On February 12, 2019, the Michigan Court of Appeals upheld the imposition of use tax on phones that were given away for no charge by a company in conjunction with its sale of mobile phone service contracts. The company sold service contracts for a single mobile phone service provider and also purchased phones from the provider. The company did not remit sales or use tax on the phones that it purchased from the provider “for purposes of resale.” On audit, the company was assessed use tax based on the price it paid the provider for the phones. The company argued that its purchase price for the phones was zero, asserting that it had been reimbursed by the provider for the cost of phones. The Court, however, determined that the company was not reimbursed by the provider but instead was paid a commission by the provider for the sale of service contracts. Accordingly, the Court upheld the determination that the company owed use tax on its disposition of the phones. Emery Electronics, Inc. v. Dept. of Treasury, Dkt. No. 342250 (Mich. Ct. App. Feb. 12, 2019) (unpublished).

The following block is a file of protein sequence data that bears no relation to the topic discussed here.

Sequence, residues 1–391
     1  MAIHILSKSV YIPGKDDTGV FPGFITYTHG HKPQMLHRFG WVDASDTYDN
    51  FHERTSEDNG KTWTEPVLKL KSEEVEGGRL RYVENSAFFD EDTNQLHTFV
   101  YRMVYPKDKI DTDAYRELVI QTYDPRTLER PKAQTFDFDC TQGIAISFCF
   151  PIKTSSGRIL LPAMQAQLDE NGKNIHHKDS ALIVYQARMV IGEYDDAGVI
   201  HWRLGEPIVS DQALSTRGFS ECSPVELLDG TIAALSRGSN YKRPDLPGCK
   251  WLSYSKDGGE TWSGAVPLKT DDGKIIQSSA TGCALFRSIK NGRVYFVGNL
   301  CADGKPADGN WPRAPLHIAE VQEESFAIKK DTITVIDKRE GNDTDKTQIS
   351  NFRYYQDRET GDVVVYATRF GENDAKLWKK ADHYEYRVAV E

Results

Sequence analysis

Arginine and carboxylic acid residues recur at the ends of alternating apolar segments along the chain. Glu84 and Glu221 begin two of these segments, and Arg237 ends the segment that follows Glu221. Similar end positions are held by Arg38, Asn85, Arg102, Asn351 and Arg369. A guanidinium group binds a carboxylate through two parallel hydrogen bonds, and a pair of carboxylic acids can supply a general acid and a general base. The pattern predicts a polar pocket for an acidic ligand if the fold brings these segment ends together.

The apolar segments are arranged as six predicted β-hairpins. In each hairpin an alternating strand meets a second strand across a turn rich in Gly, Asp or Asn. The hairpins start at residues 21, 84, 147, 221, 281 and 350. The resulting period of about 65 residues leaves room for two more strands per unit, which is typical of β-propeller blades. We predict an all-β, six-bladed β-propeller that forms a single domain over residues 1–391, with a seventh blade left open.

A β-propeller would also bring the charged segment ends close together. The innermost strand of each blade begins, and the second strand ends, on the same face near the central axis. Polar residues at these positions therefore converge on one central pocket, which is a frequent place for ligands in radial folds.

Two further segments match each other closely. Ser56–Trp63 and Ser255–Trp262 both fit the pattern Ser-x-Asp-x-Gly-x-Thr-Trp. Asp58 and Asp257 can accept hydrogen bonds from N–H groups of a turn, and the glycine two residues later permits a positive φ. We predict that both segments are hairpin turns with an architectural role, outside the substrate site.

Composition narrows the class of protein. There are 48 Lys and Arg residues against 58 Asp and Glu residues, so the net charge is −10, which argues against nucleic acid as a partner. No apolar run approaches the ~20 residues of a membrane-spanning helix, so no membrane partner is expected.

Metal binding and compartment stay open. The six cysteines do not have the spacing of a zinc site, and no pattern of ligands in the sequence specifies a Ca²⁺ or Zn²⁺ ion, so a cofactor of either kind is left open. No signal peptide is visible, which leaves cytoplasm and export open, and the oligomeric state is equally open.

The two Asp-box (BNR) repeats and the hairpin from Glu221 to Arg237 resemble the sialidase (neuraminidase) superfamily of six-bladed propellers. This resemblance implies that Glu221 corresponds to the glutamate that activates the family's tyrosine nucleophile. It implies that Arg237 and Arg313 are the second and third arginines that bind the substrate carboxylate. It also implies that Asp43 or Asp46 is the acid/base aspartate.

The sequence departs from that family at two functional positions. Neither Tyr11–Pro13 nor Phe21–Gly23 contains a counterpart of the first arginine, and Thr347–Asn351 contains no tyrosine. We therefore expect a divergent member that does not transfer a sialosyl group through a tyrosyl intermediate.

On February 10, 2017, the US Court of Appeals for the Sixth Circuit held in Wayside Church v. Van Buren County, 847 F.3d 812 (U.S. 6th Cir. 2017) that the Tax Injunction Act (TIA) and the principle of comity barred federal courts from hearing the taxpayers’ arguments that a Michigan county court’s foreclosure sale of their properties constituted an unconstitutional taking in violation of the Fifth Amendment of the US Constitution. On appeal from the US District Court, the Sixth Circuit concluded that the TIA and comity “only allow federal courts to exercise jurisdiction when state courts cannot provide ‘plain, adequate, and complete’ remedies,” and therefore, “only one analysis is required.” Because the taxpayers could bring their suits alleging an unconstitutional taking to state court—a “plain, adequate, and complete remedy”—the federal courts did not have jurisdiction to hear the matter. Wayside Church v. Van Buren County, 847 F. 3d 812 (U.S. 6th Cir. 2017).